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Shared Humanity

In: English and Literature

Submitted By ChemicalKid
Words 1161
Pages 5
Bethany Fuller
Mrs. Drake
Period 6
Oct. 7, 2012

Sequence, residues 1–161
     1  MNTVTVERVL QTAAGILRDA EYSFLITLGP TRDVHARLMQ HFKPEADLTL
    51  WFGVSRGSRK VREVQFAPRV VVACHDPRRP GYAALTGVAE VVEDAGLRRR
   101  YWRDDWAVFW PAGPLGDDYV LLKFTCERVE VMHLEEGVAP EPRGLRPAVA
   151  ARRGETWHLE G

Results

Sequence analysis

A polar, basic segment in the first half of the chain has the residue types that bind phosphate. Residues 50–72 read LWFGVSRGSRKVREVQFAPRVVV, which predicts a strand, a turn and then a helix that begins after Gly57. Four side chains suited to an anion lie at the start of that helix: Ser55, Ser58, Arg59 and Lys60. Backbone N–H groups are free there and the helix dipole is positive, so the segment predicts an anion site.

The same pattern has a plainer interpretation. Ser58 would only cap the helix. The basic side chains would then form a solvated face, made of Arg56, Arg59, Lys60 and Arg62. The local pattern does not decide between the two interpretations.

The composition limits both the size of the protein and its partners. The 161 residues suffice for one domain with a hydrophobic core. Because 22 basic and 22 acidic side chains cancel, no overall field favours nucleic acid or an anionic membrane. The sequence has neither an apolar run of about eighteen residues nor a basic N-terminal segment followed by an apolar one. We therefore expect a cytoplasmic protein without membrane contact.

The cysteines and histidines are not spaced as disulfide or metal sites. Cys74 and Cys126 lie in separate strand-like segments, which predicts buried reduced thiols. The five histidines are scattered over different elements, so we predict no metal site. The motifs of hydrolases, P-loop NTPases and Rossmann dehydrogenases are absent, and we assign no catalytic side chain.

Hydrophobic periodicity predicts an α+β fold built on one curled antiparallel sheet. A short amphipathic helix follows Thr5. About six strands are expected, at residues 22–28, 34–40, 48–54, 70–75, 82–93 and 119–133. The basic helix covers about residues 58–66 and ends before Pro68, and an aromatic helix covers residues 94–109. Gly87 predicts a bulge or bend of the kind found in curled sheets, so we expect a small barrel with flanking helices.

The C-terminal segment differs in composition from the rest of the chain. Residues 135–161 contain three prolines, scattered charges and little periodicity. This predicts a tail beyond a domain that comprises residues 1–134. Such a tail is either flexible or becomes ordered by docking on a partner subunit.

Shared Humanity A lot of literature relates to common experiences and even to each other whether it’s fiction, non-fiction, poetry, and even movies. Common experiences are separated into categories like loss, rites of passage, survival, self-sacrifice, and beliefs. Fiction, non-fiction, poetry, and film often show common experiences in self-sacrifice to people of all ages and places. The fiction short story Through The Tunnel, by Doris Lessing, has a great example of self-sacrifice. Jerry is an 11 year old little boy, him and his mother are vacationing and he spends most of his time on the big kid side of the bay. Of course him being 11 and hanging around the bigger kids can make people do some silly things. Long story short, Jerry risked getting hurt swimming through a small, rocky tunnel to make the bigger kids like him. This relates to self-sacrifice and common experiences because many people sacrifice losing themselves to fit in with another group that may not be worth it in the end anyway. In the end the older boys’ attention didn’t even matter to Jerry, he felt like he didn’t need them anymore, he gained more confidence. Raven, from the fiction novel Vampire Kisses by Ellen Schreiber, is dating a vampire named Alexander. He leaves Raven to keep her from getting harmed by other vampires, but she risks her life to search for Alex anyway. Ravens self-sacrifice was to be with the person she loved no matter what, and that relates to a mass of fiction love stories’ common experiences.